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  15. Hello Anonymous, maybe try and find a mental health chaplain to talk to if you can, they are a bit of a rare breed, but often useful! X

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  16. Thank you for this Mary. I think one of the biggest misconceptions about people with a faith is that they use it as a crutch. Having and keeping faith is a struggle! Learning that faith and doubt go hand in hand as opposed to a blind conviction has been a great lesson for me. And the church has indeed got a long way to go!

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    1. So true, Scoozle. I remember a line from Steve Taylor (http://en.wikipedia.org/wiki/Steve_Taylor) "Harder to believe than not to". I cling onto that sometimes - especially when I think I have more in common with the humanists than with evangelical Christians! The great thing about the Church of England is that it covers a great many sinners! Our former curate (now a fully fledged vicar) has suffered depression himself following the death of his sister and has written movingly of that time. (at this point there was supposed to be a link but I couldn't find it - darn) Very sadly, we Christians are not immune from tactlessness. I could argue, quite convincingly, that in fact it is our greatest failing! Bless you Scoozle. I do feel now that I can write more openly about faith and depression because of the many comments above. It's a good and positive place to be and I am so grateful to all of you who have taken the time and energy to post comments. Thank you all.

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  17. Bravo for the bold move of expressing faith within faith. To me there is zero discrepancy between them. Not only did many biblical men and women know depression and anxiety but so have many saints and leaders of the Church universal. St. John of the Cross writing of his 'dark night of the soul' was just that. There are too many to mention here.
    But just think of Jesus' temptation in Luke. Was hw not himself clinically depressed then and in the Garden of Gesemani? His first miracle in Luke was healing a man with mental illness. We are not alone and never have been. God has sent us a spirit of comfort. And now, when able we use that comfort to be Gods instrument to heal others.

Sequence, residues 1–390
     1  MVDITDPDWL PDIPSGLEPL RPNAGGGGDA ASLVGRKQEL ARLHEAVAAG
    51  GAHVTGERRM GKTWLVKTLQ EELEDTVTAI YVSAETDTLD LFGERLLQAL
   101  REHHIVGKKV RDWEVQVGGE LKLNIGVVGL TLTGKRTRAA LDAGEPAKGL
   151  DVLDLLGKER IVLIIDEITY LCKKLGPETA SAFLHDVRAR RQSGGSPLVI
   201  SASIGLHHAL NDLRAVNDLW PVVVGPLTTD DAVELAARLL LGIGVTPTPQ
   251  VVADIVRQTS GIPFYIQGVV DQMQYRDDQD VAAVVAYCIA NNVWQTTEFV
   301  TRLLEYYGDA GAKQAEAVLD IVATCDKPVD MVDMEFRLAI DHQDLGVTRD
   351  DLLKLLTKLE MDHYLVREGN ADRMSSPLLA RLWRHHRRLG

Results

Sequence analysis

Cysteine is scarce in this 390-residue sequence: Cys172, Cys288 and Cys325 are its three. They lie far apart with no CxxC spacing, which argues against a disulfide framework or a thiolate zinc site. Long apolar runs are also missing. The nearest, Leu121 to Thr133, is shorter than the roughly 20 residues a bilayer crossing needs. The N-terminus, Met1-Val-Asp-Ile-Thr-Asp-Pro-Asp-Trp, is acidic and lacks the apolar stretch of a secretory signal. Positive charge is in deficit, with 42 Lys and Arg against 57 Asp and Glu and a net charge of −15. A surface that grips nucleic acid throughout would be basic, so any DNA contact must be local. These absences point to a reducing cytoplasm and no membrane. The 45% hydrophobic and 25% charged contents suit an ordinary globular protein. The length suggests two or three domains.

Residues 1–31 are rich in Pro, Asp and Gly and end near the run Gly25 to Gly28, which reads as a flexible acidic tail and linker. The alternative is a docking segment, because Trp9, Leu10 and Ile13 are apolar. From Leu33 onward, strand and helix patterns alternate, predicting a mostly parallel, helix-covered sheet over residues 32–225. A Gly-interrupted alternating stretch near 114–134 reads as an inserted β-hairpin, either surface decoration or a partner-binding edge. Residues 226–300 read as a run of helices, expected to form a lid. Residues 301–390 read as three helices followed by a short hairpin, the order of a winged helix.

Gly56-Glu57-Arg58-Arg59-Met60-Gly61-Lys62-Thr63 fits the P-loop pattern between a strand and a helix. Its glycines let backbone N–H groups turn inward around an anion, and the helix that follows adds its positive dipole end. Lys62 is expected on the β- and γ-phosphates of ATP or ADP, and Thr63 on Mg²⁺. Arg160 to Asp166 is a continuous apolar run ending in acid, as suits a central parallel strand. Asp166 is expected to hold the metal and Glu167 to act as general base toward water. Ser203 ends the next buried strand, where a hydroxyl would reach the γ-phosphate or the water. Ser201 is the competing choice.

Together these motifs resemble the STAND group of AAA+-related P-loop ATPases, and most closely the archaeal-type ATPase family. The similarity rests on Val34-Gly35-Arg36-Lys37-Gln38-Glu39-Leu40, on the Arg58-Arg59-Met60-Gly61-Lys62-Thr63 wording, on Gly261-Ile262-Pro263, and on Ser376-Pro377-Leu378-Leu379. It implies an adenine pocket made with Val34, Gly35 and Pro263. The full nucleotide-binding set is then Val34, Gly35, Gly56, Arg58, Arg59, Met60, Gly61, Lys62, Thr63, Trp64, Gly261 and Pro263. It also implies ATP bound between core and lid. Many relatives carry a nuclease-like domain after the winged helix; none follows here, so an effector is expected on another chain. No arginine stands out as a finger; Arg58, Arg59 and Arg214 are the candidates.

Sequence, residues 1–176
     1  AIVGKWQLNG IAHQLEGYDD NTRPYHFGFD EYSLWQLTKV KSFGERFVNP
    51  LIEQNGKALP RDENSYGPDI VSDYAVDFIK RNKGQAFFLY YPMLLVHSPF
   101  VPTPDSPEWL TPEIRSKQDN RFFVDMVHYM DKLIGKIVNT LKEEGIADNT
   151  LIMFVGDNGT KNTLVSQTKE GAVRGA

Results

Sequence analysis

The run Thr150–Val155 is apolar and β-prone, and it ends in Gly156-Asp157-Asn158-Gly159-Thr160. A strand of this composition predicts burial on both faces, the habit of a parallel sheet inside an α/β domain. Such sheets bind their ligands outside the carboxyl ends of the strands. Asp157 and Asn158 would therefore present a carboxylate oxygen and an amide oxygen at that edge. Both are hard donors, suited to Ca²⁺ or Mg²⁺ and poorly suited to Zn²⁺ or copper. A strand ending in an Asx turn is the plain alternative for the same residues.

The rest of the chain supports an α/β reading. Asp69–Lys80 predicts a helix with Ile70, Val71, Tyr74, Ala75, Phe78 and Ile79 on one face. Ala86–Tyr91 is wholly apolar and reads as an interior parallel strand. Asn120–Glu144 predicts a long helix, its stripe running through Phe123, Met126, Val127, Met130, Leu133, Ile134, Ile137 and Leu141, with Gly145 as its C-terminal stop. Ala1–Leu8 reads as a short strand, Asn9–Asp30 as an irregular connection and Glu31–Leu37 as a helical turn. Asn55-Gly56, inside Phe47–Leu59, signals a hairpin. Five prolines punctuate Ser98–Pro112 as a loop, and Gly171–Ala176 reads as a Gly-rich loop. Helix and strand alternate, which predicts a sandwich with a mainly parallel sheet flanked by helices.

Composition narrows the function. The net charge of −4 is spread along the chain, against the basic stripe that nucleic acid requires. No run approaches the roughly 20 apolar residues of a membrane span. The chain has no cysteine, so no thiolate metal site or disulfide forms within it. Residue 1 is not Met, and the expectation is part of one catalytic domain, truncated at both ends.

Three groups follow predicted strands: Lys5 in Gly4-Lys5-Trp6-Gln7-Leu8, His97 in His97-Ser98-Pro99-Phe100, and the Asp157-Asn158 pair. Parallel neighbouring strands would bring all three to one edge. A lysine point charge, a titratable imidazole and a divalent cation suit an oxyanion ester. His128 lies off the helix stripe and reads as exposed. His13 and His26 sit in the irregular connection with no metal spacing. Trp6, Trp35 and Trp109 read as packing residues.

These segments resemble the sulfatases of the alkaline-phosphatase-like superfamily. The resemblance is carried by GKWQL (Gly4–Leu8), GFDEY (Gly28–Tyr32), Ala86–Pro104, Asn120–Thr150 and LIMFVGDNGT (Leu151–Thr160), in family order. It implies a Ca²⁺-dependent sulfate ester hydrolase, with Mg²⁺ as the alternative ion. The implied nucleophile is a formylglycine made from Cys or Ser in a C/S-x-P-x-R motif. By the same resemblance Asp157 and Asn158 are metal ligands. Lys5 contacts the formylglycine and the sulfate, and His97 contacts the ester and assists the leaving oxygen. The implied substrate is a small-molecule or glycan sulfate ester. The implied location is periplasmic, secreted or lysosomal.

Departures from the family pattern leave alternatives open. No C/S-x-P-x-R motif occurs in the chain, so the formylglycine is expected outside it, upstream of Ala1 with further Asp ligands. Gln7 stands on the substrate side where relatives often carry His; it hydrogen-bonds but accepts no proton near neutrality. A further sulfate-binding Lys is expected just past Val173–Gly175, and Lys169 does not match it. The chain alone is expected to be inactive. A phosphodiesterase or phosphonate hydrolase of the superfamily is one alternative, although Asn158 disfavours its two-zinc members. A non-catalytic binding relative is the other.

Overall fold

blessings to all
    Margaret Park, MDiv

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  18. Some very informative posts. Thank you.

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  19. Yes...also Caroline and ' team ........ " esteemed moderators/
    administrators " ! THANKS ( see comment 11.15 p.m. Sunday i.e. yesterday ! )

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  20. Dear Mary - I'm a Christian also and really appreciate you bringing up the question of how faith relates to depression and bipolar. I think you wrote well and very wisely - thank you. -Linda

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  21. Shiny Happy People
    We are.

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  22. I really do not think Moodscope is the correct forum to discuss religious beliefs. Religion is a personal thing like sex and politics and should be kept private or discussed in a faith forum specifically for depressed believers. There must be some on the internet for depressed/ bi polar muslims, Buddhists, Jews Evangelicals etc.. Moodscope is multi cultural and covers many countries, different religions etc. Moodscope can not just focus on Christianity as it has done today; it might offend secularists for instance. Please do not publish any more such overtly religious posts. I for one will leave Moodscope if it does.

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    1. That's a shame Im sorry you feel so strongly. I do think this is a forum where people can respectfully offer different perspectives and experiences. I applaud Mary for doing this.

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    2. Hi there, I am also sorry that you feel so strongly about the post. As you will see from the comments, there are many who have differing views and Mary's blog contains just her thoughts on faith and depression. I didn't think it would offend anyone but I did think we may get some differing views, but that's what a forum is for. We are interested in everyone's views and certainly don't want to alienate or offend anyone.

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  23. Thanks. I needed that! I often feel such a failure for not trusting God enough to get the victory. I am reassured though that Jesus understands the depth of our pain, and that he is with us even when it feels he is so far away. He will never leave me or forsake me.

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  24. You might find Thomas Moore's work useful, particularly his book Dark Nights of the Soul. Moore lived as a Catholic monk for 12 years and later became a psychotherapist. He probably defines himself as spiritual, but uses a lot of examples from the world's religions (though mostly Christian I think) so should be insightful and encouraging to believers as well as non believers. He writes beautifully too.